Generation Amazing, Josoor Institute and UCFB explore how sports and education foster gender equality in third instalment of webinar series
Generation Amazing, Josoor Institute and University Campus of Football Business (UCFB) recently delivered the third instalment of their ‘Inspiring Youth’ webinar series entitled: ‘How Can Sport and Education Drive Gender Equality?.’
The webinar explored the many challenges to gender equality and how empowering women through sports and education can address some of these challenges.
Professor Simon Chadwick, Director of Eurasian Sport at EM-Lyon Business School, moderated the discussion featuring Afraa Al Noaimi, Executive Director, Josoor Institute; Honey Thaljieh, Co-founder and former captain of the Palestine national women’s football team; Matthew Barrett, Founder, Goal Click; Dahlia Maarouf, Leadership and Development Specialist at Education Above All (EAA); and Anthony MacDonald, Senior Programme Manager and Head of Office in Doha, UNICEF Gulf Area Office.
After highlighting data on the significant employment discrepancies affecting women, particularly in terms of opportunity and vulnerability, Al Noaimi said: “Education empowers women to compete for better opportunities. It is the most important tool that we are using at Josoor Institute to create gender equality. By implementing the right education programmes, we give women a better chance to have equal opportunities with men.”
The speakers, who are proponents of inclusion and socio-economic equity in their respective fields, agreed that achieving gender equality requires a multi-faceted approach. These include, among others, investing in women’s education and skills, empowering women voices in decision-making and implementing policies and legislation that promote socio-economic equity.
Drawing from her personal experience, former Palestinian national team captain Thaljieh said: “Sport and education have great capacities to empower women. Both can help develop self-esteem for young girls and women, giving them the confidence to fight for their rights and become independent individuals. Sport made me the person I am today.”
She added: “If we want to give girls opportunities in sport and tackle the inequalities they face and foster diversity and inclusion, we need more women in decision-making positions that create policies addressing women’s issues. Football institutions can use their leverage to ensure that women have a seat at the table and that women’s football receives the attention it deserves not only in words but also in action, budget and resources.”
Goal Click Founder, Barrett, also stressed the importance of listening to women’s voices. He said: “COVID-19 has amplified many challenges at play, from infrastructure, investment, and facilities to cultural and social barriers, with the women's game suffering disproportionately. But football also provides an opportunity to highlight their stories, directly hear the voices of inspirational women and girls, and ultimately start to create a more equal world. Goal Click uses football as a powerful lens through which people can understand difficult issues around gender equality and women's rights.”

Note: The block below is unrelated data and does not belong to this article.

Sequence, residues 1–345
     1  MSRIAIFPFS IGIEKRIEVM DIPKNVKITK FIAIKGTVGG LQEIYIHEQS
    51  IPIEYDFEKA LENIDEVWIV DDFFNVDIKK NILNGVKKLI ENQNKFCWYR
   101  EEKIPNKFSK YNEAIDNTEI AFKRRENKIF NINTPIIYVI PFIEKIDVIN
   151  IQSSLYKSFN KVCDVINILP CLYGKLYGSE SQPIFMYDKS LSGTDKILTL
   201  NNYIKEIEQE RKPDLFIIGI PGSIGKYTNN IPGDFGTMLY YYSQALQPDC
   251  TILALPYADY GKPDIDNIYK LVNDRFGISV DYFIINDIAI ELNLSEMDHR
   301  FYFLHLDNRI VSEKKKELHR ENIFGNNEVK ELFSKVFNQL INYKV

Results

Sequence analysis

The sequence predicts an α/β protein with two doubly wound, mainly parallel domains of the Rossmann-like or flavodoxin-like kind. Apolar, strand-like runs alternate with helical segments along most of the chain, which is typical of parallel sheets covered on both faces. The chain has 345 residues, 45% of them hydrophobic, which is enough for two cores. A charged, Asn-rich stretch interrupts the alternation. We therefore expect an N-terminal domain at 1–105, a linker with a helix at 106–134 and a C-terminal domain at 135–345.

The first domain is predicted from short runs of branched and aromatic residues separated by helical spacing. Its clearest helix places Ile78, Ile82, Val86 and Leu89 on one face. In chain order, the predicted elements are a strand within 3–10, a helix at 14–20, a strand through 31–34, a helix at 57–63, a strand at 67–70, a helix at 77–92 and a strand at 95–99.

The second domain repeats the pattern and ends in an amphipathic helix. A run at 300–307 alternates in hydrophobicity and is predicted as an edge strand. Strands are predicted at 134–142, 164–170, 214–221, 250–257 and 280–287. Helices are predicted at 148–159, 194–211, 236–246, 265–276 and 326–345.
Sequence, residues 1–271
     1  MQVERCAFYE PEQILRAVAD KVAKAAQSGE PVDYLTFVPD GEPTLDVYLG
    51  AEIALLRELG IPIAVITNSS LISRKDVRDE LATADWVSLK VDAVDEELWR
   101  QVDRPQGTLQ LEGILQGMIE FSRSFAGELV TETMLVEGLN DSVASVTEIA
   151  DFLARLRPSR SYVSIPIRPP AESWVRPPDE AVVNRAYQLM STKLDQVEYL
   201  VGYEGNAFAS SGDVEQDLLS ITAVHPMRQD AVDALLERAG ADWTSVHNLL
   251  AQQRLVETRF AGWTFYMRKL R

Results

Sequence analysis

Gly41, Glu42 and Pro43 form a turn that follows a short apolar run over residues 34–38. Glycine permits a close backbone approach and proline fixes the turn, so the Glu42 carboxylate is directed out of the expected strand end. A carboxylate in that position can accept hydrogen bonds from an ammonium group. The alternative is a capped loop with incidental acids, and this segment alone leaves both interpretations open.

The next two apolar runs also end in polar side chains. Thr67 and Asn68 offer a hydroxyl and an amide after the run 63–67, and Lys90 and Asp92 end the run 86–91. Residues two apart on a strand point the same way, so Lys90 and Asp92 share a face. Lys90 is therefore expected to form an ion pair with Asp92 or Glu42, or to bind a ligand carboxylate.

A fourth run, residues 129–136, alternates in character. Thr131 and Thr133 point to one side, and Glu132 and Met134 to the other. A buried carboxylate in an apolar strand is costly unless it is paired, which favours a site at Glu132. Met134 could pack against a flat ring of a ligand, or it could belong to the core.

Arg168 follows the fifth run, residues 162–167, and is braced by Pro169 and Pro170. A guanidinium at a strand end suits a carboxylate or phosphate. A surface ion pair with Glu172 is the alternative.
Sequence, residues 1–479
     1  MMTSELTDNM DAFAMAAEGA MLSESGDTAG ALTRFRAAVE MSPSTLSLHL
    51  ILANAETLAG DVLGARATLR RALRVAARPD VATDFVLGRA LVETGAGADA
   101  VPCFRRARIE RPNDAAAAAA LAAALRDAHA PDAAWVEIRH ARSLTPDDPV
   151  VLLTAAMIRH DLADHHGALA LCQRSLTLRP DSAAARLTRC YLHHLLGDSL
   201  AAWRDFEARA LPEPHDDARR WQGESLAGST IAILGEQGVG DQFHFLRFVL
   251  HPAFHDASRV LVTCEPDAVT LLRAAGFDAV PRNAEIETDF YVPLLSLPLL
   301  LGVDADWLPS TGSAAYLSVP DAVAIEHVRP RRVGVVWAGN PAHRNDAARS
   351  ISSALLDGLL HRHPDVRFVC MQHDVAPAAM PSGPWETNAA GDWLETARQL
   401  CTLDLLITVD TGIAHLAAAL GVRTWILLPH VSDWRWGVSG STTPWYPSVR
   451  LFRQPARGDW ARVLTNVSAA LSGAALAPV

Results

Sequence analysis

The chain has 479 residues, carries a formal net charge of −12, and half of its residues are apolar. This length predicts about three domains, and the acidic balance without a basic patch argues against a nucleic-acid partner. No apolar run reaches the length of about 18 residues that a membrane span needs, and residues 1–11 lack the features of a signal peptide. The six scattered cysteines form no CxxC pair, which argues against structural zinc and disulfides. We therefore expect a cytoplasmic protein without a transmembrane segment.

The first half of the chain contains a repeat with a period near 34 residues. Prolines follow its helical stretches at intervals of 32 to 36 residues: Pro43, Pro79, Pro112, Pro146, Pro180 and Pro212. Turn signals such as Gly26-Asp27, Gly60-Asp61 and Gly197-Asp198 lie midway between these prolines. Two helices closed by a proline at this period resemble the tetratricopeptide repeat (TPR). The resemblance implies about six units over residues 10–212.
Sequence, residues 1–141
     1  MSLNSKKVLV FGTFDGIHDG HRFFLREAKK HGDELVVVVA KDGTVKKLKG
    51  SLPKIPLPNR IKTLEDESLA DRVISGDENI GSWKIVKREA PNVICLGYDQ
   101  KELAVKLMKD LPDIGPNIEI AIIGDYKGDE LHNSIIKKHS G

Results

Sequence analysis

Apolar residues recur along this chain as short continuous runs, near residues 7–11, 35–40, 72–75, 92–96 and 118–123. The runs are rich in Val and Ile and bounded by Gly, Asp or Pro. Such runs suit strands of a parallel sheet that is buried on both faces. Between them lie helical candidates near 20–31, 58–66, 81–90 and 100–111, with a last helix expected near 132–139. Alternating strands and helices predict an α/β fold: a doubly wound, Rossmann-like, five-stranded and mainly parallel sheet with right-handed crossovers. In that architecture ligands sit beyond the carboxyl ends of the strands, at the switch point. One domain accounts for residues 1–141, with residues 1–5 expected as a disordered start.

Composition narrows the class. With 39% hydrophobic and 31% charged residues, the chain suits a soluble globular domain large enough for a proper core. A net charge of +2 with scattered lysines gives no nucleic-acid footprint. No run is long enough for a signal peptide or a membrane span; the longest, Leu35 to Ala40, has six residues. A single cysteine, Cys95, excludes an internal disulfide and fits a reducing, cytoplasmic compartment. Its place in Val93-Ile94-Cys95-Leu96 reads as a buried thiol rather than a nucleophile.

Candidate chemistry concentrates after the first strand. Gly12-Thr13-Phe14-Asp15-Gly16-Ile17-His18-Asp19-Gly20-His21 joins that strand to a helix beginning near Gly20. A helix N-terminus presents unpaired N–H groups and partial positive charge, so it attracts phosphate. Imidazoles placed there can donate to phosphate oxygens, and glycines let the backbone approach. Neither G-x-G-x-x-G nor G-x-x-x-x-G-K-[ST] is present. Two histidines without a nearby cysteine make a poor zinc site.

In providing such education or skills, EAA’s Maarouf emphasised the importance of contextualising programmes to the targeted beneficiaries’ situation.
She said: “With EAA’s Al Fakhoora programme we have seen first hand, if we provide marginalised youth in the MENA region with the right skills, knowledge and experience, that despite the daily challenges and obstacles they face, they can reach their full potential. The students understand that they are not simply recipients of aid, but rather the change makers to initiate and implement social enterprises for the benefit of their communities, and through their actions inspire others to do the same.”
During the discussion, MacDonald of UNICEF said: “Investing in girl’s and women’s empowerment and access to learning, skills and employment opportunities, particularly the most disadvantaged and those living in remote areas, is key to overcoming many of the socio-economic challenges in the region and optimising available human capital and financial resources”.
He added: “With UNICEF’s and its partners’ efforts in the last six years, there have been tangible and marked improvements in women’s and girl’s lives and in gender equality on the ground. It is with thanks to its partners around the world and in Qatar, like Education Above All, Silatech and others that we have been able to make these advances for children and we serve — those who are counting on us to support their hopes for the future”.
"The webinar addressed one of the most pressing issues of our age: how to ensure gender equality. There is no doubt that sport has the power to overcome the challenges that women and girls face. Hence, our discussion made a valuable contribution to understanding how this can be and is being achieved," Professor Chadwick concluded.
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